Saturday, May 17, 2008

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Even if you don't read my lengthy 'Reasons I Run' blog post, you should know that there are two additional posts (new posts) below that one. Please scroll down to read 'Freedom and a 5K' and 'Summertime Running and a Training Plan'. I would just rearrange them, but Blogger won't let me do this. Hope you enjoy these 3 new posts and are motivated to go for a run afterwards!! :)

Reasons I Run

Now that I am making some progress in this new “running adventure”, I have decided it will be good to spell out the reasons I run. I know in my mind the reasons why I chose to do this type of fitness, but writing these reasons down will certainly prove to be helpful and motivational in the future – when I need to remember why I’m doing this I will have this list to reference. These are not in any particular order:

I run for me.
I’m not a selfish person, but running is absolutely something that I do which is first and foremost for me. I enjoy having some alone time, time to clear my thoughts, escape stress, mull over things, etcetera. It’s so hard to get this time in today’s world, where I’m constantly bombarded with ways to entertain myself (e.g., TV) that are completely mindless. Being on the track, treadmill, or open road, gives me this gift of precious alone time and greatly improves my mental well-being.

I run for perspective.
Along the same lines as what I was just saying, it’s so easy for me to get caught up in the stress of school, paying bills, etcetera. Going for a run reminds me that life is really much simpler than we have a tendency to make it. I can observe people around me, from a couple taking a walk with their baby in a stroller, to a homeless man, to kids playing in a park. I can appreciate a beautiful tree, flower, or bird. This is all so simple, but these are things I don’t take the time to take note of unless I run by them. Not only can life seem simple and beautiful, but I can also be reminded how fortunate I am. Unlike the homeless man, for instance, I have someplace to return to after my run. This connection to my surroundings gives me perspective.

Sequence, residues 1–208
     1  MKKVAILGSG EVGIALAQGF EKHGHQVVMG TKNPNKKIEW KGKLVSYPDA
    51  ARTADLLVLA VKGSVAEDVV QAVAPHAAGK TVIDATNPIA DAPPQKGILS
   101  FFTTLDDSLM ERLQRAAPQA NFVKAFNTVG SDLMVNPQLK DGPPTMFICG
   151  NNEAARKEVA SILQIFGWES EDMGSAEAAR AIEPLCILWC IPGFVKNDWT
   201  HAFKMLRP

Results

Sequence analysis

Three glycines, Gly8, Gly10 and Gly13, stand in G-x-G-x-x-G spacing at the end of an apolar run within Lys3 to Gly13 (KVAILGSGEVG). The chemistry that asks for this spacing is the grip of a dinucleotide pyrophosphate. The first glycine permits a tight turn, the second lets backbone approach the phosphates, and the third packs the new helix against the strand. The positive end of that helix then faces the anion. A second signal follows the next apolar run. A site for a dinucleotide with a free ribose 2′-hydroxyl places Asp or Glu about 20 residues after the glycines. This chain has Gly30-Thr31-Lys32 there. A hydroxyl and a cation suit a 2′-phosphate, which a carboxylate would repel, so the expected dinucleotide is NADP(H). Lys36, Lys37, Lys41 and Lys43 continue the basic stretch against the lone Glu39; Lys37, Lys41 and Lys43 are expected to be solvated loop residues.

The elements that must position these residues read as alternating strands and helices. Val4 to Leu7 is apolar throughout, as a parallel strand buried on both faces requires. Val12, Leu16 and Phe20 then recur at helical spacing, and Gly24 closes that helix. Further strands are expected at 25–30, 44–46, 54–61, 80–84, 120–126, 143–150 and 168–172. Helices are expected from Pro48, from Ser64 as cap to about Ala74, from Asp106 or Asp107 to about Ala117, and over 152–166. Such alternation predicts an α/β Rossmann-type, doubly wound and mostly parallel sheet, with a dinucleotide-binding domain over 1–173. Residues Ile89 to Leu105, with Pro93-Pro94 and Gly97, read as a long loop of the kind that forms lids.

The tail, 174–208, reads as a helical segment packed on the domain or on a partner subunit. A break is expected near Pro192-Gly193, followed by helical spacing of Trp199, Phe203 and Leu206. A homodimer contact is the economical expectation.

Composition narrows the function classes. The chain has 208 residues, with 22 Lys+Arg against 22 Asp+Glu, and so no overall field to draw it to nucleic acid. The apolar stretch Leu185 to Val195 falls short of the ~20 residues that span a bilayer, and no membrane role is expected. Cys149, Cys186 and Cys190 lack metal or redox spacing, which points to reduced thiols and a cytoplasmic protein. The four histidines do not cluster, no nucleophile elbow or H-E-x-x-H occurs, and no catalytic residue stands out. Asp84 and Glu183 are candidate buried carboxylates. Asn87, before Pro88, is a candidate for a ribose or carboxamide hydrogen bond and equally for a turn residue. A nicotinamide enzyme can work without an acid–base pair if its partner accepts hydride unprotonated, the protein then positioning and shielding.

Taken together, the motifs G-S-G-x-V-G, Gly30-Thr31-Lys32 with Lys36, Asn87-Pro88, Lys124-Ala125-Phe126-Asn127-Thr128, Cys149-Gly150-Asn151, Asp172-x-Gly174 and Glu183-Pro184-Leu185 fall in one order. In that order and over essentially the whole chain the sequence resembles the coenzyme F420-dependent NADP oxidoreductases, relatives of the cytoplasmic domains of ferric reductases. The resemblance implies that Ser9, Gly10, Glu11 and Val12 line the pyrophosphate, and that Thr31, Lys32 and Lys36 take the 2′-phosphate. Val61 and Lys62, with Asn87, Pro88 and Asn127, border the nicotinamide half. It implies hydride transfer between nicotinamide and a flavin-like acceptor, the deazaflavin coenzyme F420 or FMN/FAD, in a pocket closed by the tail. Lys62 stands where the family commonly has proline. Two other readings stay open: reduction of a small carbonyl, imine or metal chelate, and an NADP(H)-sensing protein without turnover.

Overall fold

I run for my loved ones.
Exercising will give me a longer, healthier life. I can therefore spend these additional days with my family and friends, the ones I love. The idea is that I will achieve not only a longer life, but a fuller life as well. More time with those that I love adds up to a happier life. I can have a longer, fuller life with the man I love. I can experience the joys of watching my future kids and grandkids grow. Who wouldn’t want these things? Moreover, the idea is that my own running and commitment to fitness will motivate my loved ones to take up fitness as well. That way they can be around for longer, fuller lives as well! Our multi-state family fitness effort is a testament to this reason to run – we are all motivating each other.

I run for health.
This is an obvious one, and is directly tied in to the above reason of running for my loved ones. I want to live a longer, healthier, fuller life. In order to do this I need to stick to my fitness plan, lose weight, and combat the many predispositions I have to illness and disease. By starting now, my chances are excellent to avoid things like heart disease, diabetes, and so many other things that have plagued my family. I do not want those things because I’ve seen what they do to individuals and their loved ones!! On a lighthearted not, you might say I’m fighting my genes by trying to fit into smaller jeans. :) Not to mention, running has other health benefits that aren’t necessarily physical, including improvements in mood and energy. The endorphins that come with exercise improve my general mood, making me a happier person who’s more able to deal with the changes, surprises, and rocky times of life. I also have more energy which allows me to do more in a day than the average person can. With this energy I can also keep up with those kids, grandkids, nieces, nephews, and all those other young ones that I love. :)

I run for inspiration.